# Copy of Dilation

This is an interactive activity to learn about dilations.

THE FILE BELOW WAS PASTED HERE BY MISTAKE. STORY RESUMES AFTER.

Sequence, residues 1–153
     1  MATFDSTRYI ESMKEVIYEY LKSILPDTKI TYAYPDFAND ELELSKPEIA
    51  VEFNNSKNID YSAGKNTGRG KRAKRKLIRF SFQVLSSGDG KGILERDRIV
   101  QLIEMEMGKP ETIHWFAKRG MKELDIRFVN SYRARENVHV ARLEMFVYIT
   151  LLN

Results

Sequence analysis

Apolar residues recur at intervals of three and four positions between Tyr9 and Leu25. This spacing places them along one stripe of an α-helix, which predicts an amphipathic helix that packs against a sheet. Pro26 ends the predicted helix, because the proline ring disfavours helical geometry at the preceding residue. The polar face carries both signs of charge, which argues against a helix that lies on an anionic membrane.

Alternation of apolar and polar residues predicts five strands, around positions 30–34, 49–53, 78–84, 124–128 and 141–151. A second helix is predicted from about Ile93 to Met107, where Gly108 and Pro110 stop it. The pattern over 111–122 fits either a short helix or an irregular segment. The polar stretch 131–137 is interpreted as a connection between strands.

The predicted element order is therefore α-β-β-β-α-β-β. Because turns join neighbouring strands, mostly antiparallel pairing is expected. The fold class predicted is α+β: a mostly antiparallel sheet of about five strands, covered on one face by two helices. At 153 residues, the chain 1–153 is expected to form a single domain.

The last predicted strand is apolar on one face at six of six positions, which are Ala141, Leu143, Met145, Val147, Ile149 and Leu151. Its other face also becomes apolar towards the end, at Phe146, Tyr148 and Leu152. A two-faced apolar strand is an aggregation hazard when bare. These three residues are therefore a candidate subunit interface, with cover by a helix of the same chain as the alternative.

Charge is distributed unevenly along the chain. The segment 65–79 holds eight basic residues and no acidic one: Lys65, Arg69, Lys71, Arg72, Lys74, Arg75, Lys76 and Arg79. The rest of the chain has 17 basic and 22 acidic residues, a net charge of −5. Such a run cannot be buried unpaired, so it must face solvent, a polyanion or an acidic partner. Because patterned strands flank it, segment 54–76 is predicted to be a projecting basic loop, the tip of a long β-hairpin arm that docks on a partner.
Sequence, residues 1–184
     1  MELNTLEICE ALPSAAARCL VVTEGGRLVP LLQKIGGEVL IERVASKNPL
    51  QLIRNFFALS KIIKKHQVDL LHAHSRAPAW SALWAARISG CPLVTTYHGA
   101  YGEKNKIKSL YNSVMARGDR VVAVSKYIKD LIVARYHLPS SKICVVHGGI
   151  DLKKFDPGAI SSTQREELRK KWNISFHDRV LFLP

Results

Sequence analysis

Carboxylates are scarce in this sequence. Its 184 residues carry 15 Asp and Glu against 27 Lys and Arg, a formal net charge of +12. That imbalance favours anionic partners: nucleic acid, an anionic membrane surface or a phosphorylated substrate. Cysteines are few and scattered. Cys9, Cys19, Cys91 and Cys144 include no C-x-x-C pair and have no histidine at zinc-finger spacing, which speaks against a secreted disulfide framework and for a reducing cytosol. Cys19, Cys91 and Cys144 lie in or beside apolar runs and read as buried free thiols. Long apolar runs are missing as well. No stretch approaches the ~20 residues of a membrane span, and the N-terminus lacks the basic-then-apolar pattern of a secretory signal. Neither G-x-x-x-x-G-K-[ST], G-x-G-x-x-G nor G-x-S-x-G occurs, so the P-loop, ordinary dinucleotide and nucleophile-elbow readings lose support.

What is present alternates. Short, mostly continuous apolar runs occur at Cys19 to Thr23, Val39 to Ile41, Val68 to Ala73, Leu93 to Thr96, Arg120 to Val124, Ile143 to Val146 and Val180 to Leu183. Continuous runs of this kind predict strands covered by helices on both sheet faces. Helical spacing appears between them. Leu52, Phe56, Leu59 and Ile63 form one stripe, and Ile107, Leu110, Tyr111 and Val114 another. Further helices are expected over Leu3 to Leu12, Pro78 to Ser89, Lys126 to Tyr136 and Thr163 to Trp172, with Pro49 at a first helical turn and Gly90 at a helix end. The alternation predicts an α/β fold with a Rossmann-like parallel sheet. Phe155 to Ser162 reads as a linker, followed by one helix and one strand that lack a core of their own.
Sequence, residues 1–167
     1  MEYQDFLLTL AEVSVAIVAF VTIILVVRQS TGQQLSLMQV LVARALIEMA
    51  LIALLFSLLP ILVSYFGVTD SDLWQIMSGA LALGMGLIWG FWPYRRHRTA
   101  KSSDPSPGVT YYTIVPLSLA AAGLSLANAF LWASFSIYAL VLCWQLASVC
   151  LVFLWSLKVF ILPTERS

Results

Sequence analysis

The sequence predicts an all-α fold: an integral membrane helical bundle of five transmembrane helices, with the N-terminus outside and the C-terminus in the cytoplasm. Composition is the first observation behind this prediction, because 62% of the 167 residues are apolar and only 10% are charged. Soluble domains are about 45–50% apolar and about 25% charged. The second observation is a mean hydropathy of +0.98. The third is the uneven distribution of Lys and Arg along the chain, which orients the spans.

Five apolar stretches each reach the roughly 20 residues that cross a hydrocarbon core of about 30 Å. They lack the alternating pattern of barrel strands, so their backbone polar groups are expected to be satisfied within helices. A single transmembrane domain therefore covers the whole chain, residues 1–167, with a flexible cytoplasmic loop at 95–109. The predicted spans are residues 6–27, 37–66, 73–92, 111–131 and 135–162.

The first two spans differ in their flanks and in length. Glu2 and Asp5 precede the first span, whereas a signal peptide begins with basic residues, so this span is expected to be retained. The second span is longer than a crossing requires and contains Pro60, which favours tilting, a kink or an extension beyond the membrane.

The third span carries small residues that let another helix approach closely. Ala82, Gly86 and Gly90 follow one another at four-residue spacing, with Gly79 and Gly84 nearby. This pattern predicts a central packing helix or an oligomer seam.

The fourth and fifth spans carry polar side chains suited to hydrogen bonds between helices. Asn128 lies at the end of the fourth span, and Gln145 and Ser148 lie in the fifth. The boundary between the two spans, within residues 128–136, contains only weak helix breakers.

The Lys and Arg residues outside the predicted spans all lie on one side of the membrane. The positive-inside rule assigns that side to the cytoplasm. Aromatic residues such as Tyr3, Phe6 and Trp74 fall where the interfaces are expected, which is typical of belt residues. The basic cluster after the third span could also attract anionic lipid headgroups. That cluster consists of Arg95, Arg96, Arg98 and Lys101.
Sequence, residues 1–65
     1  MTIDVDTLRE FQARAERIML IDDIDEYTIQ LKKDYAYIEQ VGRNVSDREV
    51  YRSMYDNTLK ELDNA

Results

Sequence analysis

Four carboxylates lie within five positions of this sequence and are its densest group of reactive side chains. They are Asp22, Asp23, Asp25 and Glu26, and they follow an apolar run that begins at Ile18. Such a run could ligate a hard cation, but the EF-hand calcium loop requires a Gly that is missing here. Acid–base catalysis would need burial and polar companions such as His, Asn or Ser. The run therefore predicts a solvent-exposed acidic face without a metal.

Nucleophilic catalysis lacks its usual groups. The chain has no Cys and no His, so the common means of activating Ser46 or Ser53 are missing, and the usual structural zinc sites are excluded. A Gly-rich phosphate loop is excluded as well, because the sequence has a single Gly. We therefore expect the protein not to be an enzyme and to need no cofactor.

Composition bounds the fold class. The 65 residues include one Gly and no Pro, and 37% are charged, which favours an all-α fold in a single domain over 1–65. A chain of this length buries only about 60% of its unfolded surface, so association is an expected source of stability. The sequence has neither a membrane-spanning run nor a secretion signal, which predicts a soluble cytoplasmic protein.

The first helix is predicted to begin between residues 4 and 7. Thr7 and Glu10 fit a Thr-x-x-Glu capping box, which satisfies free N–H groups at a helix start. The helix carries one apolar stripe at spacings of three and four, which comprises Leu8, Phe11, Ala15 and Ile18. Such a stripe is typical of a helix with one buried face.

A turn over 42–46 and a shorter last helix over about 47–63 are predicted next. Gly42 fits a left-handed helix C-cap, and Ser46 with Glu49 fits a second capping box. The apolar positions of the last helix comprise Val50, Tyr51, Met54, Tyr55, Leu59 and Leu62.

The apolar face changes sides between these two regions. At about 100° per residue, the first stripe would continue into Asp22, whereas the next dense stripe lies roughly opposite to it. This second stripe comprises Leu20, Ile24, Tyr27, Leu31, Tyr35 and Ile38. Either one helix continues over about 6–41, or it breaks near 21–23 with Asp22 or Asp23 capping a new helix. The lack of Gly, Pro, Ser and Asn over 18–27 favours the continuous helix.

1) Click on Dilation with “Center (0, 0).” Use the slider to adjust the “k” value. In your own words, describe dilation. 2) The scale factor is the ratio of a side length of the image to the corresponding side length of the pre-image. Scale Factor = . “k” is the scale factor of the dilation. Describe which k-values make the dilation an enlargement and which scale factors make the dilation a reduction. 3) Move the k-value to be 2. a. How does the coordinate of A’ compare to A? And B’ compare to B? And C’ to C? b. What happens to the image coordinates when the k-value is 3? 4) With the k-value on 2, click on “Show Segment Lengths.” a. How does A’B’ compare to AB? How does A’C’ compare to AC? And how does B’C’ compare to BC? b. How do the segment lengths compare when the k-value is 3? 5) Click on “Lines Through (0, 0) and A, B and C. What is the relationship between the pre-image points, the image points, the center of dilation, and these lines? (Hint: Try dragging the pre-image points to see how the image and lines move. Then adjust the scale factor to see how the image moves.) 6) Uncheck every box, then click on “Dilation with Center E” and “Show Segment Lengths.” You can click and drag point E around. Describe how the placement of the center of dilation affects the transformation. 7) Click on “Show Slopes.” How do the slopes of the segments of the pre-image compare to the slopes of the segments of the image? (You can drag points A, B and C around to see if your hypothesis is true.) 8) Uncheck every box. Click on “Composition 1.” First semester we talked about the transformations: reflection, rotation and translation. Recall that a composition is a combination of transformations. Dilation is a 4th kind of transformation. a. Which points of the image correspond to the pre-image? (Hint: Drag points A, B and C to find which points correspond to them.) b. Describe two transformations that make up Composition 1. 9) Uncheck every box. Click on “Composition 2.” Describe the two transformations that make up Composition 2.